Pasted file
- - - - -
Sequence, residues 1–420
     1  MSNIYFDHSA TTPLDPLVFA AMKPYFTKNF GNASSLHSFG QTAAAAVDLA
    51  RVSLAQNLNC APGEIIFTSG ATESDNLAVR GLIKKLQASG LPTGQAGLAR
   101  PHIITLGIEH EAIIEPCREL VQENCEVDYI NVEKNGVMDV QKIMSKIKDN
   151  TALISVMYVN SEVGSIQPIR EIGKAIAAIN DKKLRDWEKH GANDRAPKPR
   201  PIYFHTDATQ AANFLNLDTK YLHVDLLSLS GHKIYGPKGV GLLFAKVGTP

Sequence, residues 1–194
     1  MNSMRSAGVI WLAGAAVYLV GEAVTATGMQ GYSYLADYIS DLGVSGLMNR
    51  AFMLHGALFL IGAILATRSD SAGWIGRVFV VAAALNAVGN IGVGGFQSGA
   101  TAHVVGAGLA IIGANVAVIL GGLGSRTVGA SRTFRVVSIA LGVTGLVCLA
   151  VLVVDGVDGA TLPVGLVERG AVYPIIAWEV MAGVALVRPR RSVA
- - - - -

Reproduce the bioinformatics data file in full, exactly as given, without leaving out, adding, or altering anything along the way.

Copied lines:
Sequence, residues 1–420
     1  MSNIYFDHSA TTPLDPLVFA AMKPYFTKNF GNASSLHSFG QTAAAAVDLA
    51  RVSLAQNLNC APGEIIFTSG ATESDNLAVR GLIKKLQASG LPTGQAGLAR
   101  PHIITLGIEH EAIIEPCREL VQENCEVDYI NVEKNGVMDV QKIMSKIKDN
   151  TALISVMYVN SEVGSIQPIR EIGKAIAAIN DKKLRDWEKH GANDRAPKPR
   201  PIYFHTDATQ AANFLNLDTK YLHVDLLSLS GHKIYGPKGV GLLFAKVGTP

Sequence, residues 1–194
     1  MNSMRSAGVI WLAGAAVYLV GEAVTATGMQ GYSYLADYIS DLGVSGLMNR
    51  AFMLHGALFL IGAILATRSD SAGWIGRVFV VAAALNAVGN IGVGGFQSGA
   101  TAHVVGAGLA IIGANVAVIL GGLGSRTVGA SRTFRVVSIA LGVTGLVCLA
   151  VLVVDGVDGA TLPVGLVERG AVYPIIAWEV MAGVALVRPR RSVA